Fisher: Mass GOP Tried $1M Bribe to Squash Ballot Lawsuit

Republican gubernatorial candidate Mark Fisher.
Republican gubernatorial candidate Mark Fisher. –Steven Senne/AP

Embattled Republican gubernatorial candidate Mark Fisher said Thursday that the Massachusetts Republican Party tried to bribe him. Fisher said he was offered $1 million to drop a lawsuit trying to force his way onto the party’s September primary ballot, according to WGBH.

That is the polar opposite of what the Mass GOP said Tuesday, when it accused Fisher of demanding $1 million to drop his suit and name from the ballot.

From WGBH:

Earlier this week, the party painted Fisher as money grubbing, saying he asked for $1 million in exchange for dropping out of the race. But Fisher says the party approached him as early as December and offered him $1 million to go away.

"My first reaction was this is a bribe. This is illegal. This can't be done," Fisher said.

The issue is whether Fisher appears on the party’s September primary ballot as a gubernatorial candidate. During the GOP’s state convention, Fisher failed to garner the votes needed to appear on the ballot. But Fisher sued, saying the vote count wasn’t handled properly and he did, in fact, earn a spot on the ballot.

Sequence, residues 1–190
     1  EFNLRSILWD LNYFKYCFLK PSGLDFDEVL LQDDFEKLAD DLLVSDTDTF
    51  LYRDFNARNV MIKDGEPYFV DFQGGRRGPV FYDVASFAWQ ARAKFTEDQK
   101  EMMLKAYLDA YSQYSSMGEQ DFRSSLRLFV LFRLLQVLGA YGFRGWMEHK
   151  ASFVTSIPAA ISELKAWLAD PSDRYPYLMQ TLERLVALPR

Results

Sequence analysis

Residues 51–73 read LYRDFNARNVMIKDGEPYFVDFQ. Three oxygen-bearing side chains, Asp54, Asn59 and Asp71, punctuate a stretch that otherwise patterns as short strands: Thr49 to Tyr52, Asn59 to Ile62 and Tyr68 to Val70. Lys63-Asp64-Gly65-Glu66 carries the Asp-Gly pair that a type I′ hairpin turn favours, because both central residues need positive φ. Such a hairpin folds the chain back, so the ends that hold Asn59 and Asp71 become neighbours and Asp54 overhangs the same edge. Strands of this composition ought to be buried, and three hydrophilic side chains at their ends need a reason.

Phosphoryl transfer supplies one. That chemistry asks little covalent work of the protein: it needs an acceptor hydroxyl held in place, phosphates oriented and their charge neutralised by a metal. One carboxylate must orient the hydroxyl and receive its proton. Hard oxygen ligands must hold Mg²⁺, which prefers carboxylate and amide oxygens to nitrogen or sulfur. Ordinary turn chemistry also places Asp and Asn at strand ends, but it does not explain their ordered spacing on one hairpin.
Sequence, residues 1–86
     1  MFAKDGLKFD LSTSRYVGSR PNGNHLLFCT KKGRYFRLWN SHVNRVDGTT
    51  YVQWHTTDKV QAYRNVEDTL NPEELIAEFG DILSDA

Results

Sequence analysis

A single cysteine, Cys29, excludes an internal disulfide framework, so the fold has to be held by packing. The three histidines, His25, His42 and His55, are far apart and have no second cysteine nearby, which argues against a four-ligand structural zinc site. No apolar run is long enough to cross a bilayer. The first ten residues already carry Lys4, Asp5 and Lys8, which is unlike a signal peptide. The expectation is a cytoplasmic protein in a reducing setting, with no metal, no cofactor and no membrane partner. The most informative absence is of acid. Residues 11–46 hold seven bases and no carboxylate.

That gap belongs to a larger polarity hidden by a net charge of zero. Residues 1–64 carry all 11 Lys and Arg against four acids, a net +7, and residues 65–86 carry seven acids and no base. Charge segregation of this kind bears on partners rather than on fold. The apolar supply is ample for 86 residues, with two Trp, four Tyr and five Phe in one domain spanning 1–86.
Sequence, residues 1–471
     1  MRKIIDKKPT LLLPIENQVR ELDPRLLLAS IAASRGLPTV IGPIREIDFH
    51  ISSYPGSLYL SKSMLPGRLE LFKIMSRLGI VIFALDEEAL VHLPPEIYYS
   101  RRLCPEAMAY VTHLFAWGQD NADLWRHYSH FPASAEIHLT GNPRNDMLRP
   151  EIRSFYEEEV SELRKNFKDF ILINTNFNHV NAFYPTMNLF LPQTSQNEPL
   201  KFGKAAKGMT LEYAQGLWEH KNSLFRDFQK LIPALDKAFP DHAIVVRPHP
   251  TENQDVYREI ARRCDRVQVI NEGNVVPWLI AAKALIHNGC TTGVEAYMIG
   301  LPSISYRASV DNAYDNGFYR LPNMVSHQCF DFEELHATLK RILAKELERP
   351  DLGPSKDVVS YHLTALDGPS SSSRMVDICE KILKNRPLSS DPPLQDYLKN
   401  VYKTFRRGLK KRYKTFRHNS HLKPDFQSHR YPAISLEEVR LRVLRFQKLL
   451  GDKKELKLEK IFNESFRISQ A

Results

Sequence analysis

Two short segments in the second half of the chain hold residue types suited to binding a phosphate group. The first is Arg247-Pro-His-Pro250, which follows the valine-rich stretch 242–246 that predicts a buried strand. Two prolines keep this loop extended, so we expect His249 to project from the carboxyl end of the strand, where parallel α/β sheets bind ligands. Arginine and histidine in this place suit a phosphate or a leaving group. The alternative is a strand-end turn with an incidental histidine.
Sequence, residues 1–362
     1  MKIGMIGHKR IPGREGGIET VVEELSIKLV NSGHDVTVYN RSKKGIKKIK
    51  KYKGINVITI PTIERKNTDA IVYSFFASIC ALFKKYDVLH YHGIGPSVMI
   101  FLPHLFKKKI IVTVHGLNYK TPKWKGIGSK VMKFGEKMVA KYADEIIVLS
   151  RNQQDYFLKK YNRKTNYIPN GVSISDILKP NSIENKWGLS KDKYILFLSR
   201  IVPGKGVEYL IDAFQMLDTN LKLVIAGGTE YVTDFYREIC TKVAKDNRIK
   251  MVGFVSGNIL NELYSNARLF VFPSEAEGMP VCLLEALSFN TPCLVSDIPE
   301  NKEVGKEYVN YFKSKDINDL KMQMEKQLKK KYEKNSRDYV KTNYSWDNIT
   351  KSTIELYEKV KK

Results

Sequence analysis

The war of words led to a Fisher lawsuit against the party, demanding the ballot spot.

This week has been a near-daily barrage of accusations and claims in the matter. On Tuesday night, the state GOP said Fisher repeatedly asked for $1 million to drop his suit and stop fighting for the ballot spot.

On Wednesday, however, the party apparently changed tactics and filed a motion in court saying they’d allow Fisher on the ballot, provided discovery on his lawsuit be delayed until after the election. The suit would make the convention vote tabulations public. Fisher said he would not accept that deal.

Today, Fisher went on offense himself, alleging the bribe.

Party attorney Lou Ciavarra told WGBH Fisher has offered no proof that the party made the million-dollar offer to him in December, as alleged.

Lou Ciavarra, the attorney for the Republican party, says to the best of his knowledge no one approached Fisher in December.

"My research my due diligence in this so far there's absolutely no basis for that. I understand Mr Fisher has not provided any factual support for it on the claim there’s a gag order, which is non existent."

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